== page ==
I always assumed I’d go be a single missionary somewhere, either as part of an order, or with a mission group, or something. I was rather surprised to meet Matt and fall in love with him and discover together that babies are well worth the work and hassle. But, of course, we’re both horribly introverted and it’s a lot of psychological and spiritual work to be around people all the time, even and especially if those people are small children. It’s not like your introversion suddenly disappears when you have children. Fortunately, so far and for the most part, our children are looking to be introverts—disappearing often to play by themselves. I’m not alone in this, you can read someone else say it much better than me.
So it’s nice to think about mothering in a monastic sense—that the spiritual lessons of the monastery can also be learned in the home, lessons of patience, time, worship, service, but also being pulled out of the world. In a world where many and most women work outside the home, I am often the only person at home during the day on our street. It’s not like I can pop next door for coffee and a chat. There is a sense of isolation, of being set apart from the world for a more worthy goal.
But as I read through this article and then this post it occurred to me that I’m not really oriented toward the ‘home’ as such. I’m essentially oriented towards the ‘church’. By no means does this mean that I spend all my time at church—in the office, in the atrium, at vestry, calling people back—in all its maybe 1/3 of my total time. But it does mean that my home is really in service to and centered around, the church. The house needs to function and be clean because anyone might pop by. There needs to be food in the fridge so that the kids aren’t starving when I pack them all up and hustle them out on Sunday morning, or Wednesday morning, or some evenings. The answering machine can’t fill up because someone from church might be needing to leave a message.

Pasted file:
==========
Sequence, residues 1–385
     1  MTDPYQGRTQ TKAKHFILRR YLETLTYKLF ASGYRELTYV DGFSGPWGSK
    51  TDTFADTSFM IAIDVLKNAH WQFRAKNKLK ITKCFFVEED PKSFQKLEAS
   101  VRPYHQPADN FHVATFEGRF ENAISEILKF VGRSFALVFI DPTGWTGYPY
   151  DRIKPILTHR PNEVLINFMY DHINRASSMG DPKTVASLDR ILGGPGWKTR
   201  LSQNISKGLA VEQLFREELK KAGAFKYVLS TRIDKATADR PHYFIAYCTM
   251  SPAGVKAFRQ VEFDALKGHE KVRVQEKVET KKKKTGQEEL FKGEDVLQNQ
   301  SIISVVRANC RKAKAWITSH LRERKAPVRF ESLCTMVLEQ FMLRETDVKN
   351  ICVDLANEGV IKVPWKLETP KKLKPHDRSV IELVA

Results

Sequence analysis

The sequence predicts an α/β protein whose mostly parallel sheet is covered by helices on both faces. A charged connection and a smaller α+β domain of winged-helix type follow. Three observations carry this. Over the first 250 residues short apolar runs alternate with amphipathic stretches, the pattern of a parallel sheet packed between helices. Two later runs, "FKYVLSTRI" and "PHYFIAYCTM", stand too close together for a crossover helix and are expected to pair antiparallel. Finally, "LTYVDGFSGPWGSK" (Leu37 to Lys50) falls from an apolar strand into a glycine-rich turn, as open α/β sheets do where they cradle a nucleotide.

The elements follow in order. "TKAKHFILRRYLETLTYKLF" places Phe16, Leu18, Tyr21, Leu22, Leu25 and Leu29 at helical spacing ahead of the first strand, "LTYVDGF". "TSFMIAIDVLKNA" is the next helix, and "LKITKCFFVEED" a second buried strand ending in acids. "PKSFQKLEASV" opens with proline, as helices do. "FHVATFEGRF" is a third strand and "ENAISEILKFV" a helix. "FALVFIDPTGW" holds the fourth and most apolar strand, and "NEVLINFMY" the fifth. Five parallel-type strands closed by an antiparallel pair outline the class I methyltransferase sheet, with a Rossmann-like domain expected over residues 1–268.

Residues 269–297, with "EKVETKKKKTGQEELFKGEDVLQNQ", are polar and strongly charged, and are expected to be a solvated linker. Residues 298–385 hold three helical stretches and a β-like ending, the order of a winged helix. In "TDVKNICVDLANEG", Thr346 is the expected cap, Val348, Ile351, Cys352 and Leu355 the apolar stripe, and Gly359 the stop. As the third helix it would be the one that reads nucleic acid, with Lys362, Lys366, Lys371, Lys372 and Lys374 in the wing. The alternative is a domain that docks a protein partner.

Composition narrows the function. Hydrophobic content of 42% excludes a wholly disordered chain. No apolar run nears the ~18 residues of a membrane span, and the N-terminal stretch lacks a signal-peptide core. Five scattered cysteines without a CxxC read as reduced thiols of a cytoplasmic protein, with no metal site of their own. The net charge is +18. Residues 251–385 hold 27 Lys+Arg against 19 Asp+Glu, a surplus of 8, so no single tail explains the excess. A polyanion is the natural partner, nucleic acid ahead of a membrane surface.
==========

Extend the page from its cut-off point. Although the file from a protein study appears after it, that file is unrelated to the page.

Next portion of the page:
As I’m writing this, horror stories are flying through my head of families that killed themselves for the church, all the kids pitching off the spiritual cliff into agnostic mushy Buddhism or something equally awful. Indeed, many of my Missionary Kid friends and classmates grew up to reject Christianity, in large part because the work overtook the family and they never heard the message that Jesus loved them too. Holy Week is always a moment where I realize that we are only a few steps from this disaster. My children have to come First. If they don’t know that Jesus loves them, then everything else I’m doing at church is a waste of my time because my priorities are out of order.
On the other hand, at this moment in time, church is fun. The kids love coming and spending all day here. For all the complaining I do, I actually do like churning out the bulletin, keeping the calendar, painting little people for the atrium, keeping up with various people, doing this noon Wednesday Lenten Eucharist. I particularly like the outreaching part—that the church is always (or at least this one is) stretching out into the world, into the neighborhood, catching the spiritual eye, offering a hopeful handshake, serving another meal. I’m really really grateful that I get to be here and work here and that my kids can sprawl out and be at home here. This morning, during Morning Prayer, as we began to say the confession (Rite One) R lay himself out on the steps of the altar and raised his voice and wept, from unhappiness, and for his sins (or he ought to have). And then he picked up his enormous head and ran to the back of the church singing.